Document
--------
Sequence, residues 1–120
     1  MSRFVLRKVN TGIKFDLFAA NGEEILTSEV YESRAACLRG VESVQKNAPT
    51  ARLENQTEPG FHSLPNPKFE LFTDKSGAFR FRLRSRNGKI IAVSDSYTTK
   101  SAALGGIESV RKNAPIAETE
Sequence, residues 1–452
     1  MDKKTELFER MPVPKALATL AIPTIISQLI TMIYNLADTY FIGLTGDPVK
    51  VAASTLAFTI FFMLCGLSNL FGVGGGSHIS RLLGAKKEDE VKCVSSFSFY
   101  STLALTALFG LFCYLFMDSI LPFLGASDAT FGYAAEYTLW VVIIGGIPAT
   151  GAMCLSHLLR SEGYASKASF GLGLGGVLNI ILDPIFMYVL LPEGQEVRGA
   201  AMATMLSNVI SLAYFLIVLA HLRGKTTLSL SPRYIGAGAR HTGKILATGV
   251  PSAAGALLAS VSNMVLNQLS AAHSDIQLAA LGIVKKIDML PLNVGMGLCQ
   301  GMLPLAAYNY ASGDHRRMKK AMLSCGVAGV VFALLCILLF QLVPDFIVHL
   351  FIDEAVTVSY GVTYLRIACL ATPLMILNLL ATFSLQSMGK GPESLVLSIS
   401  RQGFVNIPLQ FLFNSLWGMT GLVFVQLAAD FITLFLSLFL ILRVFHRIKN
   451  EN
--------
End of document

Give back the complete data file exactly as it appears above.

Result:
Sequence, residues 1–120
     1  MSRFVLRKVN TGIKFDLFAA NGEEILTSEV YESRAACLRG VESVQKNAPT
    51  ARLENQTEPG FHSLPNPKFE LFTDKSGAFR FRLRSRNGKI IAVSDSYTTK
   101  SAALGGIESV RKNAPIAETE
Sequence, residues 1–452
     1  MDKKTELFER MPVPKALATL AIPTIISQLI TMIYNLADTY FIGLTGDPVK
    51  VAASTLAFTI FFMLCGLSNL FGVGGGSHIS RLLGAKKEDE VKCVSSFSFY
   101  STLALTALFG LFCYLFMDSI LPFLGASDAT FGYAAEYTLW VVIIGGIPAT
   151  GAMCLSHLLR SEGYASKASF GLGLGGVLNI ILDPIFMYVL LPEGQEVRGA
   201  AMATMLSNVI SLAYFLIVLA HLRGKTTLSL SPRYIGAGAR HTGKILATGV
   251  PSAAGALLAS VSNMVLNQLS AAHSDIQLAA LGIVKKIDML PLNVGMGLCQ
   301  GMLPLAAYNY ASGDHRRMKK AMLSCGVAGV VFALLCILLF QLVPDFIVHL
   351  FIDEAVTVSY GVTYLRIACL ATPLMILNLL ATFSLQSMGK GPESLVLSIS
   401  RQGFVNIPLQ FLFNSLWGMT GLVFVQLAAD FITLFLSLFL ILRVFHRIKN
   451  EN